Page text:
VSAWC 2014

Victorian Communities

VSAWC 2014 Conference: Banff Park Lodge 26-27 April 2014

VSAWC will host its 2014 conference in Banff, Alberta, in the heart of the Rocky Mountains.

Dear Conference Participants,

As you know, the Banff Park Lodge is holding a room block for us for the upcoming Victorian Communities Conference.

This is just a reminder that the rooms will be released to the public on March 25, so you should book by then. Apart from our room block, the hotel is full, and most Banff hotels are considerably more expensive than the rate we have negotiated, so we strongly suggest that you reserve immediately.

We look forward very much to seeing you in Banff.

The Conference Organizers

Registration: Closed

Conference dates: Saturday and Sunday, 26-27 April 2014

Publication workshop dates: Friday, 25 April, 9-5; Monday, 28 April, 9-12. If you are planning to attend the workshop, please plan to arrive Thursday evening and to leave after noon on Monday.

Hotel Reservations: Please contact Banff Park Lodge directly and say that you are with the Victorian Studies Association of Western Canada.

Travel: The nearest airport is Calgary, Alberta. Delegates should plan to rent a car or take the convenient Brewster Airport Shuttle or Banff Airporter. If you plan to drive, you will have to get a park pass for the conference. It’s $9.80 per person per day. For further information, see http://www.pc.gc.ca/pn-np/ab/banff/visit/tarifs-fees_e.asp?park=1. Be aware that there can be snow in the mountains as late as April.

VSAWC 2014 Programme (Draft)

Program Highlights

Keynote Speaker: Dr. Aileen Fyfe, Reader in History at the University of St Andrews, whose book, Steam-Powered Knowledge (2013), won the Edelstein Prize for best book on the history of technology and the Robert and Vineta Colby Prize for best book on periodical history. Her keynote address will be on “Victorian Scientific Journals and the Communities Behind Them.”

Workshop: “Public Victorian Studies: Beyond the University Walls,” led by Dr. Teresa Mangum (Director of the Obermann Center for Advanced Studies, U of Iowa). Dr. Mangum has spearheaded community outreach programs on animal/human relations and Victorian feminism; has won awards from the U.S. Humane Society for her outreach work; and has become a leader in university discussion on the public roles of humanities researchers. The workshop will suggest best practices and innovative models for bringing Victorian studies scholarship to the general public beyond the university.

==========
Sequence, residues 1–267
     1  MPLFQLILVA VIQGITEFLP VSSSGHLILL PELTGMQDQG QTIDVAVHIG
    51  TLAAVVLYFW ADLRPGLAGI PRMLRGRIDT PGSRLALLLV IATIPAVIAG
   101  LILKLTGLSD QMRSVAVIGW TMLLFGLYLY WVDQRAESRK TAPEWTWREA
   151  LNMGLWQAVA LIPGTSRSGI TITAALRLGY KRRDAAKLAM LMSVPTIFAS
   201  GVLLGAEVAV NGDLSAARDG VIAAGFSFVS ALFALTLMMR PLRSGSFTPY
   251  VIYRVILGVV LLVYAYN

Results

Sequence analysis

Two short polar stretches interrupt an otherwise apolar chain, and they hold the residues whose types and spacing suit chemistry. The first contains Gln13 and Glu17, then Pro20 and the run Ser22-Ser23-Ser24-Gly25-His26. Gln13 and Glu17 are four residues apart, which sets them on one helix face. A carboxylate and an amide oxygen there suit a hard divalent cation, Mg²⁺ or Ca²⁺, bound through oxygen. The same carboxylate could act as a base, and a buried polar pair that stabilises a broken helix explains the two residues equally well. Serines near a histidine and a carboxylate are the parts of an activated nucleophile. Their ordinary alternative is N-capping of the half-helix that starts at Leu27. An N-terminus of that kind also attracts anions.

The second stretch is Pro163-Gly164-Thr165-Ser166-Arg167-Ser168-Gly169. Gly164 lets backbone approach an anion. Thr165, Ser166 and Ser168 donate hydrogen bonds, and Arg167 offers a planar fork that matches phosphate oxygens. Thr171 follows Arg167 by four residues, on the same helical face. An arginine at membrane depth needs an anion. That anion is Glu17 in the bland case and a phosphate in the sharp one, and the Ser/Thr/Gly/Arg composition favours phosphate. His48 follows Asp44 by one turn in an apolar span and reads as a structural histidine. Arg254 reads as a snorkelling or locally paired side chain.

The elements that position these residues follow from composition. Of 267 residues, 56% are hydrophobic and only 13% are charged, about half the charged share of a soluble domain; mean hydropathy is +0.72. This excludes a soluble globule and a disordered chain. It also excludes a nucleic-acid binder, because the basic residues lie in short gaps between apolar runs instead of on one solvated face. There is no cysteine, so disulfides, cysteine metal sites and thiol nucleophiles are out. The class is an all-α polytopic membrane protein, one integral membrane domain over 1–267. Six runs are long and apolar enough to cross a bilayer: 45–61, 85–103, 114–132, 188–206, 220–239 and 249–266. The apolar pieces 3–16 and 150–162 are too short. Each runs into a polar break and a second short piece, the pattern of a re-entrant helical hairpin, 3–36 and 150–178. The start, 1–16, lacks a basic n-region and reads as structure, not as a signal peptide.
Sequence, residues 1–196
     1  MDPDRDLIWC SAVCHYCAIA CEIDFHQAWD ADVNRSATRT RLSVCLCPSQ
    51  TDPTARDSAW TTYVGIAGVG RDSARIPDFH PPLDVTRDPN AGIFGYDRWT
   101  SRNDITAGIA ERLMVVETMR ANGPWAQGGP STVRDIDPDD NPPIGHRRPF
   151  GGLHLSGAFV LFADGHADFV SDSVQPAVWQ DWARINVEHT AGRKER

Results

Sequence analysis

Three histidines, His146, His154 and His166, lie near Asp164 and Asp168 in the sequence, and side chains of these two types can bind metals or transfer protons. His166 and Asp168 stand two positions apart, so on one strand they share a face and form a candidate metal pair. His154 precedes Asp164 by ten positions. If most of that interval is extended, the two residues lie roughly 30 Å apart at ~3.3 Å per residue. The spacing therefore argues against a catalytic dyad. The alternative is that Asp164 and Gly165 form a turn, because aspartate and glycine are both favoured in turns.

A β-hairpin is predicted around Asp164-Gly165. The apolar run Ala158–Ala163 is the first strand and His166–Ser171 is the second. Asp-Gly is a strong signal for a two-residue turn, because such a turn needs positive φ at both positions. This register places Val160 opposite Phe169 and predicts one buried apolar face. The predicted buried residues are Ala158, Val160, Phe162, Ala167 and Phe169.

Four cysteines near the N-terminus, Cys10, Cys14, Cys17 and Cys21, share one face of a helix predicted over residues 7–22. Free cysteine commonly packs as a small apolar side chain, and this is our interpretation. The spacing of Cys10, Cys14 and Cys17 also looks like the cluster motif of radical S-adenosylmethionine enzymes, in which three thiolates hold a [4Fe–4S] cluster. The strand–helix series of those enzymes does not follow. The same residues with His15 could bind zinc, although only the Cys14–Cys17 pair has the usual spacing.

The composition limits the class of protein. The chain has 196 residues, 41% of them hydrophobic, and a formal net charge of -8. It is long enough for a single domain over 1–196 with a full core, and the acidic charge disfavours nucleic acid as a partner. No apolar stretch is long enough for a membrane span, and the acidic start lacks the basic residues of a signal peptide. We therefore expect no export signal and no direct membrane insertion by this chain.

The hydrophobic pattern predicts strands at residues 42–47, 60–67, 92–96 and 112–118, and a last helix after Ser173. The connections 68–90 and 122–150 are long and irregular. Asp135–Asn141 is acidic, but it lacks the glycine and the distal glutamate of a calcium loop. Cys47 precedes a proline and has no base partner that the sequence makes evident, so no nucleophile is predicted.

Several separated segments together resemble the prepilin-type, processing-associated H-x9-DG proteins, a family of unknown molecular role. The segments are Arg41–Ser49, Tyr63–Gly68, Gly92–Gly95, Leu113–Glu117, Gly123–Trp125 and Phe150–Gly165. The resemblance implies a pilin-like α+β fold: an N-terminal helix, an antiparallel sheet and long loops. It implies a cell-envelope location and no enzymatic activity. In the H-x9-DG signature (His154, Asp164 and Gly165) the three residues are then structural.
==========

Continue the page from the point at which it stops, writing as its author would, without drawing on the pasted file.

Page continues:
Roundtable Discussion: “Leadership in Public Humanities”
The roundtable participants represent leaders from the UK, Canada, and the US who have used innovative strategies to communicate research findings beyond the university walls:

  • Dr. Aileen Fyfe (St. Andrews U), whose research team uses public performance to convey the transformative effect of Victorian technologies on everyday life in the 19th century;
  • Dr. Karen Bourrier (Boston U), who has developed an open-access digital reader on Victorians and Disability;
  • Dr. Constance Crompton (UBC-Okanagan) who uses social media to communicate research results;
  • Dr. Lisa Vargo (U Saskatchewan), who will share her work on community literacy, including a community lecture series called “Literature Matters”; and
  • Dr. Teresa Mangum (U of Iowa), who will speak on her award-winning scholarly outreach work with the U.S. Humane Society.

The roundtable will culminate in an open discussion of best practices and strategies for sharing knowledge and research with the broader community beyond the university.

Publication Workshop for Emergent Scholars: This two-day intensive workshop is led by Victorian Review co-editors Lisa Surridge and Mary Elizabeth Leighton. The workshop will open with a three-hour interactive presentation on “How to Get Published: Ten Tips from Two Editors,” including strategies on how to select an appropriate target journal, how to craft an article for that journal, how to structure an argument for a specific audience, and how to anticipate the most common errors identified by vetters. Participants will then meet individually on Friday afternoon with the two workshop leaders for half an hour to receive specific and confidential feedback (oral and written) on their article-length essay. This feedback session will be followed by a three-hour workshop on Monday morning in which participants will apply the knowledge gained during the presentation and feedback sessions, revise their essays, and share results.

The Victorian Communities Conference is generously supported by the Social Sciences and Humanities Research Council of Canada.